Incognegro weaves historical elements — lynchings, blacks passing for white, the Harlem Renaissance — into an entertaining, action-packed thriller that makes its points violently, so that they strike home.

Incognegro cover
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Zane Pinchback is a reporter for a black newspaper in the early 30s. He’s light-skinned enough to pass for white, so he ventures down south to report on the murders of black men that the white papers don’t bother covering. He’s tired of it, though, afraid of continuing to risk his life and disappointed he has to write anonymously. His choice is that of helping his people or helping himself.

That all changes when he goes on one more trip, this time to rescue his darker-skinned brother, who’s accused of killing a white woman. Pinchback is clever. He’s able to help out negros in trouble with outrageous claims like being a Klansman, leaps so ridiculous that no one thinks to question them. His thinking goes out the window, though, when his family’s involved, even though his brother is running moonshine. Instead of proceeding with caution, he bulldogs through a pulpy blend of gender-swapping, inbred hillbillies, bootlegging, kidnapping, vengeance plots, and casual murder. Writer Mat Johnson has won awards for his fiction, and he clearly knows his era and feels strongly about his subject matter.

Artist Warren Pleece has a clean, journalistic style that presents images straightforwardly. He captures the feel of a different time, although one that has similarities with ours. Some have criticized the unshaded pages for not giving a better idea of skin tone. They want whites that look pink and especially blacks that look dark. But that misses the point. Pinchback is able to pass because of his light skin tone. If colored “black”, his foes would look like idiots for mistaking him, which would undermine how dangerous institutional racism can be. If colored “white”, readers would forget the danger he was in and his true self. Comic book coloring, for the most part, doesn’t have the subtlety needed for this kind of exploration of societal boundaries.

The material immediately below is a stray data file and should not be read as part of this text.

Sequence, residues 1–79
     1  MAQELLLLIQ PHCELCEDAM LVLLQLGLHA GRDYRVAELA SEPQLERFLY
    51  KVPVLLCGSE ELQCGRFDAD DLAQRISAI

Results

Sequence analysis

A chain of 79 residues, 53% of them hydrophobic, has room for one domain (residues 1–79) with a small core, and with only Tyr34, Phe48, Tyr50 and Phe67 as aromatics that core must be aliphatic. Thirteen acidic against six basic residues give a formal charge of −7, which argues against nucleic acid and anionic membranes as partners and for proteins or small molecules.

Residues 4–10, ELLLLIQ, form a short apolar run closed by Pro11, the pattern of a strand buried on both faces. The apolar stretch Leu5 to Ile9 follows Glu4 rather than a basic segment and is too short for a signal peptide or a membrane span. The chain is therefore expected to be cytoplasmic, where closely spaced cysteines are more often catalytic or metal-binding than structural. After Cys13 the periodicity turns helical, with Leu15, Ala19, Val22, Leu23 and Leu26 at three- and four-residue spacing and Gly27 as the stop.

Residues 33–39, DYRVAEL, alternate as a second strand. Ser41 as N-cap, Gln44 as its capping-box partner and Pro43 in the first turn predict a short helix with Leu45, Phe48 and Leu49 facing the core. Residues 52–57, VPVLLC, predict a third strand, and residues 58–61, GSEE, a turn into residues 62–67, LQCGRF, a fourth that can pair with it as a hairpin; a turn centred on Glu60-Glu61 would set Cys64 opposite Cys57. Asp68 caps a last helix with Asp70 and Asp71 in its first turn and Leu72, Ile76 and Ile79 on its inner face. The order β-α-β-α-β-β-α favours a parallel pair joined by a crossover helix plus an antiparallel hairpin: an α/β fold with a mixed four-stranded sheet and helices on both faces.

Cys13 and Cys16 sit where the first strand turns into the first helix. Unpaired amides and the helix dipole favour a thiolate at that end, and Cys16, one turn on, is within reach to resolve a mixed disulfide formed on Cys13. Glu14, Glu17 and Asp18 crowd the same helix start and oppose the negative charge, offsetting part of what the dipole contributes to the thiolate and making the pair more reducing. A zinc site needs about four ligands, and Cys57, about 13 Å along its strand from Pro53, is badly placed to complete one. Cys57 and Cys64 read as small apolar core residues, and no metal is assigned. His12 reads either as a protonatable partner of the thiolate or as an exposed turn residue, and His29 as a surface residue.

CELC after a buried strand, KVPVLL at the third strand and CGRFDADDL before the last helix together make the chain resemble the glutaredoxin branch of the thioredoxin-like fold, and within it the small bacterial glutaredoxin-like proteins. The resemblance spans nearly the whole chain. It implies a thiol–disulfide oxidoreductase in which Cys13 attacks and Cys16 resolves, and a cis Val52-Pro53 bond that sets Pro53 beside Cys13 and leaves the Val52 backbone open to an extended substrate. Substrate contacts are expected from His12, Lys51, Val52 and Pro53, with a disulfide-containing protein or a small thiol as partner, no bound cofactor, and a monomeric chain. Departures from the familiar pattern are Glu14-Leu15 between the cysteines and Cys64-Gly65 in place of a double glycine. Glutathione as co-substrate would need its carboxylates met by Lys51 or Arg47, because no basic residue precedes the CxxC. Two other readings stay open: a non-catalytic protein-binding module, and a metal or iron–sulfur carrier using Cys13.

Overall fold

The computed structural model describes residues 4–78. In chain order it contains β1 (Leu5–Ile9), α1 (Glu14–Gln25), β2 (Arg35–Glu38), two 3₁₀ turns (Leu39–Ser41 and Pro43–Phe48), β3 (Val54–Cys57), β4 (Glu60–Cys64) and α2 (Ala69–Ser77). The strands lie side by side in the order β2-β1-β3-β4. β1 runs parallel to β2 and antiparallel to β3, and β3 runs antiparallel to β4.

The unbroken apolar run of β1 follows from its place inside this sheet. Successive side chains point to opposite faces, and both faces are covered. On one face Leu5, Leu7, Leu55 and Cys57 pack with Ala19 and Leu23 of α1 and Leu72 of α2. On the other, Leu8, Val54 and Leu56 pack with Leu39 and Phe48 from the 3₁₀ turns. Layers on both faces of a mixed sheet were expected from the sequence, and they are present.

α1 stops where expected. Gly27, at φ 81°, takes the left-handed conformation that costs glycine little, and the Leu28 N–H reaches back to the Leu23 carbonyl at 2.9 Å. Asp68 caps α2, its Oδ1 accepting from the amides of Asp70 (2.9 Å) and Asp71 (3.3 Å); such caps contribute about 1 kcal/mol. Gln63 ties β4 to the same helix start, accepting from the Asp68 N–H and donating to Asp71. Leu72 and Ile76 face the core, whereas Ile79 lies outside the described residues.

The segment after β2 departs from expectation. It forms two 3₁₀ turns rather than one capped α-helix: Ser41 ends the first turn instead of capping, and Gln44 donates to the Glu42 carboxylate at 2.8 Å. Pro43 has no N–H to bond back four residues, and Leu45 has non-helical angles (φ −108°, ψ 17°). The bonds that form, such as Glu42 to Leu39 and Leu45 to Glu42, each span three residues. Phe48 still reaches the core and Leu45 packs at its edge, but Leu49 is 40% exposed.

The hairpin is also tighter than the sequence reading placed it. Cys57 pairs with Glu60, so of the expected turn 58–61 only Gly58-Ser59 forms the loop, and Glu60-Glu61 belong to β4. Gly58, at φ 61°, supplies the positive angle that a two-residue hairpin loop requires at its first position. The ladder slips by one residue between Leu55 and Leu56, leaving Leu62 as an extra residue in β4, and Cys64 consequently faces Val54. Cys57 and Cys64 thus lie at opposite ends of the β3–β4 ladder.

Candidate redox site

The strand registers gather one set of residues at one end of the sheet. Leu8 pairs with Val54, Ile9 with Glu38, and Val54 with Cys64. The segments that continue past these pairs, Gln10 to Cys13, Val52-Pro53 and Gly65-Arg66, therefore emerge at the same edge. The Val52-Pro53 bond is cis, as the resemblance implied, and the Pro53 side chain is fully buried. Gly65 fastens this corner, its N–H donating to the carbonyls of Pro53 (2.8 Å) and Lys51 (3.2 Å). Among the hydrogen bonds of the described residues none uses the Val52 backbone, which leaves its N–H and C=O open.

Incognegro is an involving melodrama with serious undertones, a wild ride to make a point about forgotten history. Johnson and Pleece have been interviewed about the book. Brendan Wright has also reviewed the book. (A complimentary copy for this review was provided by the publisher.)

8 Responses to “Incognegro”

  1. Pedro Tejeda Says:

    I understand the editorial and artistic decision to not choose to do coloring on a book like this. I don’t agree that comic book coloring doesn’t have the subtlety for what you asking. Digital coloring has advanced very well, and DC/Vertigo has some of the finest colorist in the world. Many able to render varying skin tones. It would not have been as binary as you make it sound.

    I still think it would have added greatly to the book. One amusing thing is to compare the front cover image to the book cover image of Mat Johnson. I remember showing that to my wife and she was going, those aren’t the same man.

    I’m still sad that I missed him at NYCC. I heard he was at the Vertigo booth but this was long after he left.

  2. John Says:

    I quite enjoyed this and loved the subtext of secret identities, such a staple in comics, brought into a real world situation.

  3. Johanna Says:

    Pedro, I’m afraid I wasn’t very clear. Yes, computer coloring can be subtle in depicting skin tones (assuming it’s used, the paper is right for it, etc.), but picking any one skin tone for this story would undercut it, since the protagonist is seen as different colors based on his role.

    John: Great point!

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